A continuation of our setting up to be self-sufficient: Trials and Triumphs!
After getting the initial winter vegetables planted (Broad Beans and Brassica’s – see post 1 in this series), and some dirt dug up for the garlic, next we put up a new greenhouse that we had bought with the little bit of left over house purchase money – BUT, the storms/high winds promptly ripped out of the ground in one piece and flung over the fence and smashed down all over the neighbours back yard into a thousand pieces (we literally cried – as we could not afford another one). After this, our next mission on the list was the bare-rooted fruit trees for the orchard (see further below):
As we had arrived so late at the new house, we did not have 6 weeks prep time for our fruit trees, so made the most of what we had. We dug up the holes (round NOT square – this helps the roots grow evenly), put some smallish drainage rocks in the bottom and duly composted over them well and then put some soil back on top of this to protect the roots. After a week we went and picked up our pre-ordered Heritage fruit trees from the Organic Co-op that we are members of, in Riverton. It was pouring with rain that day, so we left them until the next day, and then in they went. We staked them up as we get very strong winds, and tied them to the stakes with soft fabric tie (which reminds me we need to replace this as it has rotted in the severe weather we get here). We were very proud of ourselves!
We chose 6 trees that grow well in cold areas for very specific reasons, they were:
Apple – Monties Surprise & Kidd’s Orange Red
Plum – Billington & Satsuma
Apricot – Morepark
Peach – Black Boy
Cherry – Stella
… and we intend on getting another couple more fruit trees every year until we can’t fit any more! This is the first time we have grown fruit trees, so it will be a learning experience for us. We have been vege gardening for years, but as we were only renting, the only fruit we ever had previously, was if there were any on trees on the properties.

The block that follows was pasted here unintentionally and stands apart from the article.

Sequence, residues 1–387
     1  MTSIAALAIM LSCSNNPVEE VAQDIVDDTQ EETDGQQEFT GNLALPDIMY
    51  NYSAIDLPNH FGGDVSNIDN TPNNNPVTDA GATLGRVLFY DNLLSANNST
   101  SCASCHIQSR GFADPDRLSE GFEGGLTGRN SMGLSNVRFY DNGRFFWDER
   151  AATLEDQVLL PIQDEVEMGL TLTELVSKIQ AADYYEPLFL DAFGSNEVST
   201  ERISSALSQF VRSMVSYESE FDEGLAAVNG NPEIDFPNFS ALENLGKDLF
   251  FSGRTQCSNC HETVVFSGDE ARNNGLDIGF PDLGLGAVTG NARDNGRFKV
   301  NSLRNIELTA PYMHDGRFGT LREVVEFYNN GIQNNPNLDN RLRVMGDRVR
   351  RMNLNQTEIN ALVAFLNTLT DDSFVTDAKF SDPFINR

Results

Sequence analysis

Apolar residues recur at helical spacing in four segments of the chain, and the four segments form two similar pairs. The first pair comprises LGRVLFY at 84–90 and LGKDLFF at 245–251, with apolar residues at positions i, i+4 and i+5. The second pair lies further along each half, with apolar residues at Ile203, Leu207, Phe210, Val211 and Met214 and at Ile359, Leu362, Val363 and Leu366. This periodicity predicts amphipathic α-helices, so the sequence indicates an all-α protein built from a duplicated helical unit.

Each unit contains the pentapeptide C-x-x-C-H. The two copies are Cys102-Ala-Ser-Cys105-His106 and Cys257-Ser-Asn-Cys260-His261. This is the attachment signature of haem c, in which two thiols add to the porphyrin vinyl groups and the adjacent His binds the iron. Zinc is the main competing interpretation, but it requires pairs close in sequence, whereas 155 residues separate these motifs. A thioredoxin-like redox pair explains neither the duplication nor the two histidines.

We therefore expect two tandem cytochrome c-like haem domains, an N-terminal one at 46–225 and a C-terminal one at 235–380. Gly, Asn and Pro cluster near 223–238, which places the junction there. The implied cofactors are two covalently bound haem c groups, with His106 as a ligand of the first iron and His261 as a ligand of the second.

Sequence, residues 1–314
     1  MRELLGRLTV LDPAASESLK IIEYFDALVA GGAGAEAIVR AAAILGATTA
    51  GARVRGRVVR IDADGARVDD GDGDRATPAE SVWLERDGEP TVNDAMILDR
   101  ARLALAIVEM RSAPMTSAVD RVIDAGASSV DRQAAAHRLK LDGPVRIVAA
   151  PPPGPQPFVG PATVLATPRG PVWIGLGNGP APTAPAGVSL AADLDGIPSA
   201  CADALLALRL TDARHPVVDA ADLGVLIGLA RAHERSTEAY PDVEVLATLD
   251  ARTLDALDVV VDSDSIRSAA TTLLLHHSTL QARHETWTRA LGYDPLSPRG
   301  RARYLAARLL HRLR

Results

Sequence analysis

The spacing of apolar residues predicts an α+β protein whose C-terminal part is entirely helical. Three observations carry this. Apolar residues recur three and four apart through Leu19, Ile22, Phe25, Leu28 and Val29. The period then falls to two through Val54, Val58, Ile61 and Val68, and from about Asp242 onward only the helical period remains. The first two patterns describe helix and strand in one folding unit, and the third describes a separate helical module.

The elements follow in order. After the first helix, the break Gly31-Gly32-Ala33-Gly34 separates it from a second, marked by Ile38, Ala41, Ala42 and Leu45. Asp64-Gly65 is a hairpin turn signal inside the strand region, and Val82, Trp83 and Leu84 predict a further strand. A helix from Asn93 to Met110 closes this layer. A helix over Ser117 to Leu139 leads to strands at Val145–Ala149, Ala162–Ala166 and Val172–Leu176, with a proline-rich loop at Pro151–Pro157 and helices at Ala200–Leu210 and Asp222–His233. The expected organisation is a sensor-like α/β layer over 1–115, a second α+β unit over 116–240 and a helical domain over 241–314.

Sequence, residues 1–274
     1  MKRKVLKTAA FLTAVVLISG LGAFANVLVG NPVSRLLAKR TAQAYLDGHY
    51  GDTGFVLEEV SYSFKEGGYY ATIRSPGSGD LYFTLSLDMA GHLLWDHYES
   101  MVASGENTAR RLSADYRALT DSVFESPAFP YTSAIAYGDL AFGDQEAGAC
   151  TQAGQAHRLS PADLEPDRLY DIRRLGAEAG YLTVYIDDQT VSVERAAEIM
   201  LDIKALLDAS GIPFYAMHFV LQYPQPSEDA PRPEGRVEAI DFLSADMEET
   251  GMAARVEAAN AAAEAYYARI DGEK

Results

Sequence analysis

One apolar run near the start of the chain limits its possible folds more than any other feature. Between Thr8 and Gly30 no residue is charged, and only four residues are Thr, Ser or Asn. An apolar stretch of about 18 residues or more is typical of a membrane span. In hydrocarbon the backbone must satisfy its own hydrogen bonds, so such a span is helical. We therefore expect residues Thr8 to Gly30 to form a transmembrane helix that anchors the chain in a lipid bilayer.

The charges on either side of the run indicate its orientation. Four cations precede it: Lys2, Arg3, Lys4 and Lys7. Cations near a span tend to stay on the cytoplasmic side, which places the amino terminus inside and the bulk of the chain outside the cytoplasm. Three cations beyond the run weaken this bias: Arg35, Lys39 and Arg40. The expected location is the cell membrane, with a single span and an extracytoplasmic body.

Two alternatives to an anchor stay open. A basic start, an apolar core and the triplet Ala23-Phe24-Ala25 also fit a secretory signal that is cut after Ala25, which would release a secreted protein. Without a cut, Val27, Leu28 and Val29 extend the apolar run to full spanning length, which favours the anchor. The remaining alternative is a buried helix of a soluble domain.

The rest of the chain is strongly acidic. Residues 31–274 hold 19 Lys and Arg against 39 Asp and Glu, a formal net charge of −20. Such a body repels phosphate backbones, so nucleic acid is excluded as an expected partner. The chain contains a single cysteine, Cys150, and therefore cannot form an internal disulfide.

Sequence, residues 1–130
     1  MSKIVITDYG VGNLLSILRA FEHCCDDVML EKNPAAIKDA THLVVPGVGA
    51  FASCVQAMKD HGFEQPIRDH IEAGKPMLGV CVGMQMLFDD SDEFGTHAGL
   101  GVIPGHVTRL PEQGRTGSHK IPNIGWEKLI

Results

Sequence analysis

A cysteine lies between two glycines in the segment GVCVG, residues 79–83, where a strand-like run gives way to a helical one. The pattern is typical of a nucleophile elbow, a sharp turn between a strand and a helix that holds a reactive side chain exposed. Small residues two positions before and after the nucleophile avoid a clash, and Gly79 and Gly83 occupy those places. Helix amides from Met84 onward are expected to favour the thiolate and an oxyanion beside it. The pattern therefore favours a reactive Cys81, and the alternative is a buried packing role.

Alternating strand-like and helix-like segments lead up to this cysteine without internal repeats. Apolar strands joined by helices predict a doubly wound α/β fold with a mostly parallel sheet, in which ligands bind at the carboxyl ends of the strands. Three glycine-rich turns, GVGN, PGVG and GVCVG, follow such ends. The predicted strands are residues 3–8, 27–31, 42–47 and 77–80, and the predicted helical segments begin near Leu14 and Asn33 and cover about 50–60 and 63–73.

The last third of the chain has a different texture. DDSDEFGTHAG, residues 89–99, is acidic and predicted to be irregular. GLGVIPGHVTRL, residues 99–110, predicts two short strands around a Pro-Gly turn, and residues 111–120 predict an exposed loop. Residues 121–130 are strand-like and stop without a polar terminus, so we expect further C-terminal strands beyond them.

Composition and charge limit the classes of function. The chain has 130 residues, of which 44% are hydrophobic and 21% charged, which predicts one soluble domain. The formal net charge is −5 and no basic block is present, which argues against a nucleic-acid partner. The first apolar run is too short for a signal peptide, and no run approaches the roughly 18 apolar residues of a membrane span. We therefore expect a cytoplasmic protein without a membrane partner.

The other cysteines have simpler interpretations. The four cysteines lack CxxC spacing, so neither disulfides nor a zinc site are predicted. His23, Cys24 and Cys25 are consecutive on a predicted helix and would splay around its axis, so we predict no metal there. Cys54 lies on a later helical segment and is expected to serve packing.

Garlic: The next thing to tackle after the fruit trees, was the garlic. We LOVE garlic and use it copiously in everything nearly, so thought that 50 bulbs would be plenty. Even though we are not fans of digging up the ground and prefer a more permaculture way of growing, with the backyard here having been in grass for the last 80 years and a river-bed 800 or so years ago, there was no way we could grow anything in a 30cm thick deep mat of tangled grass roots, so we had to degrass the top and plough, nothing else for it. This of course brings up “weeds”, which we see as misplaced plants. So we had to spend some time removing them and/or moving them to other places! It also helped us to find out exactly what we could do with all the plants we did not know how to use, and a couple of wild plants and foraging books later, we learned we could eat dock and dandelion and chickweed and plantain and many other garden “problems”!.
The garlic went in not on the shortest day as it was meant to as we were not even here yet, but it did go in at the end of August, which doesn’t make much difference. The main thing is to get it in before the end of spring, or it will just race off to seed too quickly. It is important to keep garlic well watered, or it will not swell into large bulbs. We used to flood the garden every 2-3 days until it was like a lake, and let the water go down, but we do have very free draining soil. It is all gone again in about an hour. Experiment with yours, and see how much water you have to give it to keep the soil wet. Also, garlic does not like competition, so keep the plot weed free. As the garlic does not really have any pests or diseases, it is one of the few crops we single planted – ie: all in one place. I don’t think we would do that again, but as it was only our 2nd garden to go in and we had nothing else to plant it WITH at the time, it just suited us better that first year. This year we are planting it in with all the other vegetables and flowering plants that like it as a companion. The main thing to keep it away from, is peas and beans – they hate it. We eventually edged the garlic garden with logs from the forest (we can get Wood collecting permits from old logging sites for just $10 per month), and we use the wood we get for all manner of things! It was just too hard to keep the grass from encroaching.
NOTES for garlic:
You must completely dry the plants. Lay them out in the sun or a warm place until they are totally dry, then tie/plait/hang them up in a cool but dry place to keep until use. We have turned the laundry off the back of our house into a “cool store” for all our winter store food that likes to be kept cool but dry. It has worked really well so far. Only thing is we did not plant enough garlic after-all and we ran out, so its 100 bulbs this year! 🙂
The next blog in this series will continue on again with our set-up for self-sufficiency. I hope you have enjoyed these so far and that they inspire you to give your dreams a go and pick up a spade and fork and go to it! It is very hard work and there are lots that can go wrong, but nothing can ever keep someone who refuses to quit down for long!
GOODBYE AGAIN FOR NOW:
Once again, it is a privilege to share our journey with you, please share yours with us as well. Peace and prosperity in your gardens and homes. From Suz
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